Although it does not carry the reputation of The Rise of Silas Lapham, William Dean Howells’ follow-up novel, The Minister’s Charge, may be the better work because of its greater focus. That’s a theory in process. What are we to make of this book? The question can begin with the title. Clearly the “charge” in question is the young man, Lemuel Barker, who feels himself encouraged to come from country to city by the same Reverend Sewell who gave such glib advice to the Laphams in the previous novel. To cement that assertion, we see the alternate title: The Apprenticeship of Lemuel Barker.
The problem with this pair of titles and the overall reading of the novel is that Sewell and the socially established set in which he travels gives takes so little real responsibility for Barker. In fact, the Barker’s problems erupt first of all when he takes seriously the polite encouragement of his poetry and then when Sewell, barely allowing the boy across his threshold, pushes him out into the night where he is quickly victimized by the streets of Boston.
In the ensuing chapters, Sewell does render some assistance to Barker, but he never seems willing to actually dirty his hands with the young man. This supposed man of Christ, clearly sees Barker as beneath him. Even his protestations to the contrary seem to underscore that bias.
“Why, suppose the boy really had some literary faculty, should I have had any right to encourage it? He was very well where he was. He fed the cows and milked them, and carried the milk to the crossroads, where the dealer collected it and took it to the train. That was his life, with the incidental facts of cutting the hay and fodder, and bedding the cattle; and his experience never went beyond it. I doubt if his fancy ever did, except in some wild, mistaken excursion. Why shouldn’t he have been left to this condition? He ate, he slept, he fulfilled his use. Which of us does more?”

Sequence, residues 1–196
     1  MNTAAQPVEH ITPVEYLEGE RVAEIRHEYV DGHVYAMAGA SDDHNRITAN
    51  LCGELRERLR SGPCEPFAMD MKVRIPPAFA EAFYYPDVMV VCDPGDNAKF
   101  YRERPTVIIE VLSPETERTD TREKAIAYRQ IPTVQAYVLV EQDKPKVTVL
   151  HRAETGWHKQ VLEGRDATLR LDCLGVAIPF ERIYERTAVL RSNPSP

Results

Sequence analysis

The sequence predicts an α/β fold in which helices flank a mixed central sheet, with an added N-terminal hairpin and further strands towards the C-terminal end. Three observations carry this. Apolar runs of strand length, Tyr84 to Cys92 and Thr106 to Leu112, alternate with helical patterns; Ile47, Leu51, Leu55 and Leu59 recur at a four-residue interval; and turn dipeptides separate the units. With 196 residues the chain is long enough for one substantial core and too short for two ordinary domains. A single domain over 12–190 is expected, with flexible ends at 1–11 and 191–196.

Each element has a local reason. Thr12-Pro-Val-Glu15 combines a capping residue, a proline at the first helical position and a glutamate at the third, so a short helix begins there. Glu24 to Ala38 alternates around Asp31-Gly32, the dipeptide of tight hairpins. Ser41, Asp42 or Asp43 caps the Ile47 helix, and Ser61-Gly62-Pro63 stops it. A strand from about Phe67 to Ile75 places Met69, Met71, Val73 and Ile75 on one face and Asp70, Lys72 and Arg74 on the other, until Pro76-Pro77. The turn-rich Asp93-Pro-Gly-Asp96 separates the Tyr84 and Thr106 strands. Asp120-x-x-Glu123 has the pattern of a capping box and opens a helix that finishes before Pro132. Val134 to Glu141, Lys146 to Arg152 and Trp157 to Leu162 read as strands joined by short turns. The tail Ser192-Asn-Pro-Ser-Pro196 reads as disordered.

“How would you like to have been in his place?” asked his wife.
“I couldn’t put myself in his place; and therefore I oughtn’t to have done anything to take him out of it,” answered Sewell.
Lest we drop all of the blame at Sewell’s feet, much of his lack of assistance to Barker is encouraged by his wife who, despite her theoretical defense of the boy–”How would you like to have been in his place?”–repeatedly finds his occasional visits to the parsonage annoying and out of place. Clearly, Barker is not the Sewell’s “sort of people.”
Sewell clearly does not take his “charge” as seriously as he might, nor does he behave as an adequate “master” to the apprenticeship of Lemuel Barker. Instead, the “charge” in the title can be seen as a legal charge against Sewell. Given the considerable talent that Barker demonstrates as he proceeds through the novel, one can only imagine how easily he would have progressed in life had the minister’s “ministry” have come ahead of his problems rather than in guilty response to them.
It is difficult to read this novel and not think of the Parable of the Good Samaritan. Jesus’ Samaritan has even less reason to “dirty his hands” with the man on the side of the road, yet he takes the initiative, he inconveniences himself, and he behaves as a neighbor, something which Sewell really never manages.
Whether Howells intended it or not, The Minister’s Charge stands as an indictment of the arms-length charity of elite society. Even at his best, David Sewell is an “expert in the law,” performing only the good works that social standards demand.